MR. COHEN: Yeah, I had two things to say about that. One is, I had a supervisor for being a therapist that –- he was the son of a preacher and he said he learned from his father that the job of a preacher and a therapist is to comfort the afflicted and afflict the comfortable.
MR. COHEN: And I think that that's part of parenting also, and I think that there's a way with children who –- things come easy to them like in the film, it's like, oh yeah, I was really good at that. And I want to just stick with that. And we have to push those kids and the ones you know –- and the you're-not-so-special commencement speech, these kids who have been told they're special all the time. Their path has been cleared for them in a lot of ways and they have this advantage and I think they need to be discomforted a little bit.
But then there are children who need to be comforted. And the other thing I want to say about Amy's "Little White Donkey" story is that when I see the adults in my practice who are the, kind of the casualties of the extremes of the achieve, achieve, achieve, I-don'-care-what-you-think, I-don't-care-what-you-want, and I compare that to Amy's stories, the difference is whether the child is seen, felt, heard. You know with kind of the saving grace, the reason I, reading the book that I didn't have that oh-my-God, you know, we got to lynch Amy Chua, you know, is that her daughters were able to say, I hate this, I hate you, I'm mad –-
MR. COHEN: –- and I think that as parents we need to listen to that. Our children do get mad at us. And that adults in therapy they always say that their feelings were not welcome, they were not reflected. They weren't allowed to get angry, they weren't allowed to be sad, they weren't allowed to be scared. And that we have to welcome all of our children's feelings, and that's part of that comforting them. And at that point it makes a big difference whether the child is being seen and heard and then when she tells you later, now I know I can do it, that what she's saying is you were really seeing me in that moment. Not what sometimes happens, I had to practice the piano so much when what I really wanted to be doing was x, y, or z. And they didn't know me; my parents did not know me. And that's a very painful thing.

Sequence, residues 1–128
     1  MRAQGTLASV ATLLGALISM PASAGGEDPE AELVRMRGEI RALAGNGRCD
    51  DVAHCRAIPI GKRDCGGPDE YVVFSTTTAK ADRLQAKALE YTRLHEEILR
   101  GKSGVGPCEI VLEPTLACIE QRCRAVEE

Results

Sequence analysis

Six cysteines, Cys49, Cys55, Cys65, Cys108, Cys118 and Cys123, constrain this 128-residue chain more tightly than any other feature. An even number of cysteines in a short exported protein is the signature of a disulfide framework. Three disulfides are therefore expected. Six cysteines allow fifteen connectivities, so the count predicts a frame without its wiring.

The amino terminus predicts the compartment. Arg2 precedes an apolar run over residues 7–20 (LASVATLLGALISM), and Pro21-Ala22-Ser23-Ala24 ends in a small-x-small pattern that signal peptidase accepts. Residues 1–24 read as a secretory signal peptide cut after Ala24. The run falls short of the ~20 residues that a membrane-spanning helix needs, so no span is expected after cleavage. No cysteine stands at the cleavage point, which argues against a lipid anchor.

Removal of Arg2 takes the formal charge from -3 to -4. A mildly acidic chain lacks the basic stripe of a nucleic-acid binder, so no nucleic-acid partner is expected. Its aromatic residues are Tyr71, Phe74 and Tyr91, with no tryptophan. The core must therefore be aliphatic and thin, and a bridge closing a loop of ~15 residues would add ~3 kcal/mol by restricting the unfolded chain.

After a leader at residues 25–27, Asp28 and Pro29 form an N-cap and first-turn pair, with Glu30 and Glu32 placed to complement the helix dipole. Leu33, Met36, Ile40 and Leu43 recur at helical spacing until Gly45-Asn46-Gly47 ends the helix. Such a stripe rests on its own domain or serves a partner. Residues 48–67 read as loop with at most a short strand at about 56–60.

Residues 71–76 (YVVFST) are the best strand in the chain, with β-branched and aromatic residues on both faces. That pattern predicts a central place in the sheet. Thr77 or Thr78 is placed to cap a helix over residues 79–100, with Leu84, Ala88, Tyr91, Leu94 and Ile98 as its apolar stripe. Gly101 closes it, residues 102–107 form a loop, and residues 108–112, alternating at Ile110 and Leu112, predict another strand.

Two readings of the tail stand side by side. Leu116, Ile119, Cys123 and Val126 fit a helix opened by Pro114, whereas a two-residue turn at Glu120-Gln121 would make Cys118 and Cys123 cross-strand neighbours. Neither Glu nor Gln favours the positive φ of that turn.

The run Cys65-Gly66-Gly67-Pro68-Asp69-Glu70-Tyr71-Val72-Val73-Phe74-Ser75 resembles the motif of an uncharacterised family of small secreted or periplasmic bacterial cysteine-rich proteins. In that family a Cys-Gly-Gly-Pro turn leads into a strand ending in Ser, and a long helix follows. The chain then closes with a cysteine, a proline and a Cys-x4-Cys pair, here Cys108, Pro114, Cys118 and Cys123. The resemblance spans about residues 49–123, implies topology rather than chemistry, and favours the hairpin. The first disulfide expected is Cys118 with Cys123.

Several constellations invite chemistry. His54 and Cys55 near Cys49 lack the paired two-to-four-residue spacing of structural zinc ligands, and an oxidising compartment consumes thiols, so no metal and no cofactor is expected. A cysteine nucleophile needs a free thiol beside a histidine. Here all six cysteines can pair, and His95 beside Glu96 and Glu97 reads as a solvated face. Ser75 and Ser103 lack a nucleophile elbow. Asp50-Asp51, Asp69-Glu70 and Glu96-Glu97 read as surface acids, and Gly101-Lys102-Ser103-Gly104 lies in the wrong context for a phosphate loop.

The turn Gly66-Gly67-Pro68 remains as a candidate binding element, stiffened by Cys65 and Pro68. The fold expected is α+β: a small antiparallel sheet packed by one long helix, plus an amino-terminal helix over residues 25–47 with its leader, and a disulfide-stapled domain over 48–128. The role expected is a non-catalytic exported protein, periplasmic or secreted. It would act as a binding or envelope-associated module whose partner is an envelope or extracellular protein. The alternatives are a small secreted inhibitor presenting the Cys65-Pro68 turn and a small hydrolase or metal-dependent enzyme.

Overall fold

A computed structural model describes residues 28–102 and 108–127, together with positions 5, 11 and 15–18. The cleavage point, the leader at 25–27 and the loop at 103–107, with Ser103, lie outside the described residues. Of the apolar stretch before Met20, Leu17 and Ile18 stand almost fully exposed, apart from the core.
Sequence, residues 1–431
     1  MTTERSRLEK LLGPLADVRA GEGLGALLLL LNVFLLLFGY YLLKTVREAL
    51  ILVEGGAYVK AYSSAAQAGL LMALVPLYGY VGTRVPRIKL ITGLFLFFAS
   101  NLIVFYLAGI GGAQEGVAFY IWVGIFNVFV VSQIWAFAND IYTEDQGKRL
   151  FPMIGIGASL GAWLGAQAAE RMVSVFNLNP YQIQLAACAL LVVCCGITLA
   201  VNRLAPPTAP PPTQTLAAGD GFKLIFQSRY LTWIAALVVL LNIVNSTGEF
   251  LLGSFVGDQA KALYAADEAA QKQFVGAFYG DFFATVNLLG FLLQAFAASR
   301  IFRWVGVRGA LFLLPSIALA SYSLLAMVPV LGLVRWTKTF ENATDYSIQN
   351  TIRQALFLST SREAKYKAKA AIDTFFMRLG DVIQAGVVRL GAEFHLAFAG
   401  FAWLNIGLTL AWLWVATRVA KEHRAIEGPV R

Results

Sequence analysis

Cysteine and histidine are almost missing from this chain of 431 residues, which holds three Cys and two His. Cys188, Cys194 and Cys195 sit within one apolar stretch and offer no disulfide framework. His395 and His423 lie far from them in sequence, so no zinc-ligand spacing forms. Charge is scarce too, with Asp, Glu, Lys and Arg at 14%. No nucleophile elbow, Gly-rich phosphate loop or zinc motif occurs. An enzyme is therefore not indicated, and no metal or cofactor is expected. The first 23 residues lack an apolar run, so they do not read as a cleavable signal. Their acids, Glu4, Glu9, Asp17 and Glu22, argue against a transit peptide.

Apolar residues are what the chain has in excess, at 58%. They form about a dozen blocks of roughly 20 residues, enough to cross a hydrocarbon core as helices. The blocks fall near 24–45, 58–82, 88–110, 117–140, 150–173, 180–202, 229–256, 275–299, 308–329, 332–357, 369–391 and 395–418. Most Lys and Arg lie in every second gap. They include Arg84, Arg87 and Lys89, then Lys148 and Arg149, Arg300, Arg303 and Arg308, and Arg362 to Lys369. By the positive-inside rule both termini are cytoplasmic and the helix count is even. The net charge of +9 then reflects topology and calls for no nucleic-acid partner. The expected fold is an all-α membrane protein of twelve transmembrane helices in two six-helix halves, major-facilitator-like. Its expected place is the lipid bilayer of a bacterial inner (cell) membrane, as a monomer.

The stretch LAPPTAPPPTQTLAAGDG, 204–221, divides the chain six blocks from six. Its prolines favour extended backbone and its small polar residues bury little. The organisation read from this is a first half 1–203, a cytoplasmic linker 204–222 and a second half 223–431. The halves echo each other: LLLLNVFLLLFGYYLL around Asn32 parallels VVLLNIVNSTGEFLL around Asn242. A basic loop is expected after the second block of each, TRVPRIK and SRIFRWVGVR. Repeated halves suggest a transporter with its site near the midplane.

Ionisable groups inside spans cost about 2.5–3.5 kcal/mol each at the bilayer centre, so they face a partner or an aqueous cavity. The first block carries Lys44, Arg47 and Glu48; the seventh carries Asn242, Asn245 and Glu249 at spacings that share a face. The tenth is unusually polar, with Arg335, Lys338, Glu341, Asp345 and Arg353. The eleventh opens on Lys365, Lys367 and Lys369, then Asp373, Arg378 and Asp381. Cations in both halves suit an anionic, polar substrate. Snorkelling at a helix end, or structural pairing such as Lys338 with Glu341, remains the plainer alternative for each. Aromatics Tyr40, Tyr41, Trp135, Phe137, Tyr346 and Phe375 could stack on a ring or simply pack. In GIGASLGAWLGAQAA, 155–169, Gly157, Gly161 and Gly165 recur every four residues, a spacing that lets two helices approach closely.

MS. GOTTLIEB: Right, and when you were just mentioning you know the path has been paved for so many of these kids, part of that is they don't want to hear the "I hate you." It's actually really healthy for your kid to think that they were born into the wrong family and that you know –-
MS. GOTTLIEB: –- baby –- some "switched at birth" thing happened at the hospital. You want them at some point to hate you, not for a long period of time but you want them to develop their own separation and individuation.
MR. COHEN: Well, I call it something to bump up against and I talk a lot with parents who are on the attachment-parenting side, the you know never let them have to walk or cry or be alone or any of that and there's a lot in that that builds connection. It gives a sense f security, but what they also miss is something to bump up against.
MS. GOTTLIEB: Right.
MR. COHEN: And I often hear from them when their kids are 4, and it's like "Aaah." It was like they need to have a fight.
MS. GOTTLIEB: Right, exactly, and so a lot of these kids who because we don't want to upset them we don't –- you know, there are a lot of parents who won't have their kids do chores at home, which is just a basic family responsibility. But they're so busy with their homework and they're sleep-deprived, and, how can we do this; they're in the middle of this drawing and we can't interrupt their creativity to come set the table, you know, things like that. And we don't like that our kids will get mad at us, and so they grow up and they don't sort of have basic life skills. And Erica, I think you see this firsthand.